You would think a murder might have taken place.
Not that I don’t get along excellently with my wife’s parents and brother, but with any five family members spending three weeks on end together navigating foreign countries a breaking point is bound to occur. Thankfully with us that point was seldom reached, despite our dwelling as a group in mainly small apartments booked through Airbnb. And the first home we rented, in Amsterdam, was the smallest of them all.
But we immediately felt charmed by that apartment, and its neighbourhood, and the beautiful city they belong to where life is peaceful and things make sense and there is always something of interest just a short tram or bicycle ride away.
Ah, the bicycles! Gentle bell warnings replaced the invasive noise of car horns, and instead of multi-storied parkades I saw tiers upon tiers of bike racks. I’ve never been to a place so well-designed for cyclists. Pathways ran parallel to every road, and everywhere were people pedaling: a mother gliding by with children balanced at her front and back; a teenage boy hunched over handle bars with his lady lounging sideways on the seat behind him; a pair of men on separate sets of wheels, stools balanced in their arms while steering with their knees.
If I lived in Amsterdam I would renounce my four-wheeled gasoline glutton without hesitation. I would get an apartment like the one we dwelled in on our temporary stay, each morning sipping coffee on the balcony while revelling in the serenity of the quiet residential complex. My wife and I would walk hand in hand along the canals, as we often did while we were there, stopping to feed swans along our way to feast on gargantuan Jacketz baked potatoes stuffed and overflowing with toppings. For dessert, a couple of fluffy chocolate space cakes would carry us relaxed and smiling into sleep.
Beyond the vicinity nearest our abode, aided by the frequency and omnipresence of public transit in the city, the choice to visit other areas with ease would afford endless opportunities of curiosity. With warm and syrupy fresh stroopwafels in hand we could peruse the innovative sculptures in the gardens of the Rijksmuseum, perhaps chancing to hear a solo busker’s haunting operatic vocals reverberating through the building’s brick wall underpass. Or we might venture to a more central location, glancing at the enticing window displays of the red light district before descending into the hazy basement of the original Bulldog coffee shop, where cannabis was sold and smoked before the practice became tolerated by officials.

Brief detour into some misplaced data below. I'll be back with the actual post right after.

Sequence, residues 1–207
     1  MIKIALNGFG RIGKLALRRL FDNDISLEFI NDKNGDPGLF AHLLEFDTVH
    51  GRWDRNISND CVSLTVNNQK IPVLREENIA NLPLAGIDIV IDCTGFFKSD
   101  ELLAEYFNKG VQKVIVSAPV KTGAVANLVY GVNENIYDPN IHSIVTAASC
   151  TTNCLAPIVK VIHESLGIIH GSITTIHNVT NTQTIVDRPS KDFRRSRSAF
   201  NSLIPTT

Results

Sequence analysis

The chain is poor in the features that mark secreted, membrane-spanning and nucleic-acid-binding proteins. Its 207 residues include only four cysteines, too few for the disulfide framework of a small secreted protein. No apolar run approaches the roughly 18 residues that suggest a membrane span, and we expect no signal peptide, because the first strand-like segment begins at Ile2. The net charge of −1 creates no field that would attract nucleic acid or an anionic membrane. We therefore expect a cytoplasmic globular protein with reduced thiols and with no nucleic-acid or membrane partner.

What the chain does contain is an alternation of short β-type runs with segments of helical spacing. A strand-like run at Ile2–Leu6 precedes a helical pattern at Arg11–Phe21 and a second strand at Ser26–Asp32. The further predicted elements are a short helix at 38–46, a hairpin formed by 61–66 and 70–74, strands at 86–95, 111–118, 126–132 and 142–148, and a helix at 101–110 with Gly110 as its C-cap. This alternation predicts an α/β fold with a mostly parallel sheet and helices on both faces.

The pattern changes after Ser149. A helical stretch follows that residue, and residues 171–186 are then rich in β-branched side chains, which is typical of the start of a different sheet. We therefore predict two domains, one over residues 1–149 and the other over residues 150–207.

Speaking of which, it seems silly now that such toleration once did not exist, and that this still remains the case throughout much of the rest of the world. By condoning activities which people will indulge in regardless, and which of themselves cause no harm to others than the ones indulging (if any harm is even caused at all), the crimes and risks surrounding those activities become greatly reduced. So why not allow them?
And why not set up infrastructure that encourages people to get around in ways that are economical and sustainable, and that promote good physical health? These are just a couple of things that Amsterdam does so right, and are among the many aspects of the city along with unique eateries, rich culture, and beautiful architecture that made us feel so comfortable there.
Within just two days we were already envisioning the relocation of our lives to this new place we had found and which had filled us with a sense of tranquility and wonder. Our short time there had not seemed like enough, though our loop through Western Europe would ultimately bring us back to the same apartment to spend two more, and we would end our journey in the Netherlands where it had begun.
In the meantime, however, we had other countries to explore, and so with thunder admonishing our departure we boarded a sleeper train headed to another destination. Through a window at the locomotive’s rear we watched the beautiful city of Amsterdam fading with the waning daylight, and as we climbed into our bunks and closed our eyes our minds too drifted into darkness.
– Cory Magnus Stumpf